1. Catholic Schools Have Forgotten Their Mission

Desiring to be more competitive with public schools, many Catholic schools have focused all their energy on improving the non-faith-based aspects of the school. Forgetting that the best education is one that integrates all aspects of the human person - body, mind, and soul - they abandon their adherence to the Faith to focus on mere information-giving and test-taking.

2. We Are Too Career-Oriented

Both parents and schools base their decisions on future collegiate and career success. “How can my child best be positioned for success in the workplace?” But is that really the ultimate consideration? To have a child with a great job but poor human formation is hardly something to shoot for. To send them into our modern college environment ill-equipped to deal with the moral and spiritual challenges that lurk there is grave negligence.

Our school is committed to avoiding both of the pitfalls enumerated above. Our vision is to provide students with a classical, liberal arts education that is deeply committed to a vibrant Catholic culture and identity.

For more information, check out this short article.

Q: Will Catholic liberal arts education help my child prepare for college and a possible career in a STEM fields?

A: One common question that comes up when talking about a classical or Catholic liberal arts Education is about compatibility with STEM fields in college and beyond. Here is a short article giving some specifics on why this type of education is actually most beneficial to those going into the STEM fields.

Q: What kind of education do we offer now, and why transition?

A: This a great question! It is most certainly helpful for you to know that in order to understand our reasonings for the shift. Countless Catholic schools in America have accepted secular education with the addition of theology or religion class as a Catholic education. While we do try to be more intentional at The High School of Saint Thomas More in integrating the Faith in all that we do, we would say we have been fighting this balance, as well. We have spread our teachers so thin with our course offerings that some are teaching four, five, or six different classes each day, just to offer more classes. We have lost sight of the main purpose of our school, which is to put our students in relationship with Jesus. Our aim is to help our students become the young men and women God has called them to be, and to be active members of the Church and the community. We deeply desire this for each and every one of our students, and wholeheartedly believe that a more well-rounded and holistic education is the best way to get there.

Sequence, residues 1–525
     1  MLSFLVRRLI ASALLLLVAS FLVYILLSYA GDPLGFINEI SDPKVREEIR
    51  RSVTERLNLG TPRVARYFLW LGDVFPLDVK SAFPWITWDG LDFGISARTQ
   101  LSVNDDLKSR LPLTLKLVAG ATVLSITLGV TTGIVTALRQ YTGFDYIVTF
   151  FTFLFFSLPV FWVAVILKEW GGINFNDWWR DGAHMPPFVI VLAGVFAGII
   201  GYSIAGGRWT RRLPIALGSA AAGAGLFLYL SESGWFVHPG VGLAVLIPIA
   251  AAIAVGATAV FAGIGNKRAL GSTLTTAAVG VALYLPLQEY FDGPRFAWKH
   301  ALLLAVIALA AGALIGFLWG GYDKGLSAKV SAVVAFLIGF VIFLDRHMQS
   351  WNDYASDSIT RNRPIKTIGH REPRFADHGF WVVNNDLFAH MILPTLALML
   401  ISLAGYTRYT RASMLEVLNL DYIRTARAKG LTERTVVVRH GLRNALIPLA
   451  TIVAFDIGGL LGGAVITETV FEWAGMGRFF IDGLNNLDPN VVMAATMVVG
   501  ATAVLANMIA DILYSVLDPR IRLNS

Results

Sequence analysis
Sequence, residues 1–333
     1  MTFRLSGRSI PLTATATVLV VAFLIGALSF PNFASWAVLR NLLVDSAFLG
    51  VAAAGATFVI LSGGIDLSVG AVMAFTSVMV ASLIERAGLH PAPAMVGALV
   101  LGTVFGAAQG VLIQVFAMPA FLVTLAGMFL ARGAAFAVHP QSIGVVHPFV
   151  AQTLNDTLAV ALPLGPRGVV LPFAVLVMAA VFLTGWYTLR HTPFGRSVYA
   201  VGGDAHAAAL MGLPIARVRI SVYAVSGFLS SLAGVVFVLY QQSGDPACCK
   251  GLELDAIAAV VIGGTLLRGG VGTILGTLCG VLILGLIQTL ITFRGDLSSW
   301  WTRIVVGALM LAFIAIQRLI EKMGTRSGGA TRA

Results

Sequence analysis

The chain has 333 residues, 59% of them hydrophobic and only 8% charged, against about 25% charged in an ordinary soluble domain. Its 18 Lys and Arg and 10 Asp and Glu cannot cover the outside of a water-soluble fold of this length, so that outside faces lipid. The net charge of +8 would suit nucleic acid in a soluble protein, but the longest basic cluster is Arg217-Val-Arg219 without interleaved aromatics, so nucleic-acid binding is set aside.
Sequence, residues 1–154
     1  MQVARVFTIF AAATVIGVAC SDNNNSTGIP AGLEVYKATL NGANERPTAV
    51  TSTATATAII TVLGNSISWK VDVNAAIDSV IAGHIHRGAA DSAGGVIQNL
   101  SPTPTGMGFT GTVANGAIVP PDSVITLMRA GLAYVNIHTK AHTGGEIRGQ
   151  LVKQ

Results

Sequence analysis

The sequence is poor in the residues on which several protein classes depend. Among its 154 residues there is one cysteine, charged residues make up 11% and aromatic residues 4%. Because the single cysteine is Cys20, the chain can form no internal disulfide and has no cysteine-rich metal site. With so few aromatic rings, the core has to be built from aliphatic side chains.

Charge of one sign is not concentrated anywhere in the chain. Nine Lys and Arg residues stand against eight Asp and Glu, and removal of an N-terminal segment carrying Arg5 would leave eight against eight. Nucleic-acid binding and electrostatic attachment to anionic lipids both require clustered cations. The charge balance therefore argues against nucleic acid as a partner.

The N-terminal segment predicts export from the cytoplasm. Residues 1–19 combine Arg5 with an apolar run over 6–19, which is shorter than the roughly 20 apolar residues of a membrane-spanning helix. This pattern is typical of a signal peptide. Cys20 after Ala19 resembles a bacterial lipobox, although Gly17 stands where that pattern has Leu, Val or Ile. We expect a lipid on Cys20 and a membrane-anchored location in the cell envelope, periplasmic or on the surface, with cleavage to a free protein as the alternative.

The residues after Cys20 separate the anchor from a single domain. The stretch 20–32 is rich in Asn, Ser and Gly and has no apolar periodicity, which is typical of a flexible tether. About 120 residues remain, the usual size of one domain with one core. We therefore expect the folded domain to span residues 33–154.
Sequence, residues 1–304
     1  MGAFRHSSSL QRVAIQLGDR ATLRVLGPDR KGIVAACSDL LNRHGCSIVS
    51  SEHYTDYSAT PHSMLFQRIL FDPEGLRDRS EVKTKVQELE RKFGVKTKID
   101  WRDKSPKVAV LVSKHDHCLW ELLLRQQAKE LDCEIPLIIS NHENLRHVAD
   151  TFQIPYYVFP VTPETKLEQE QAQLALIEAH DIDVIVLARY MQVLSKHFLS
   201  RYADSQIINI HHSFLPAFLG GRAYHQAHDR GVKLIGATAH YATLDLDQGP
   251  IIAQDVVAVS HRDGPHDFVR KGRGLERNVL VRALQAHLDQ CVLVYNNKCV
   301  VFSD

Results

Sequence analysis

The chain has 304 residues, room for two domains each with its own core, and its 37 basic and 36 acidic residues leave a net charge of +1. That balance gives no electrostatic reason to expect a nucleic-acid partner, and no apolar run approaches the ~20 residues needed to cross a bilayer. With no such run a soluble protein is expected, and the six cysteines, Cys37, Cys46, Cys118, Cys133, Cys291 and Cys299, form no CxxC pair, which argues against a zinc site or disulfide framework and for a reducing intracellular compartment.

Q: What are some core principles of Catholic education?

A: To answer this question, we would would like to highlight a little book called "The Holy See’s Teaching on Catholic Schools," which was published in 2006 by Archbishop J. Michael Miller, C.S.B. The book itself costs just under $5 and is a quick read.

In this text, Miller writes that the Holy See has laid out its “Five Essential Marks of Catholic Schools” as such:

A Catholic school should be:

  1. Inspired by a supernatural vision;
  2. Founded on Christian anthropology;
  3. Animated by communion and community;
  4. Imbued with a Catholic worldview throughout its curriculum;
  5. And sustained by gospel witness.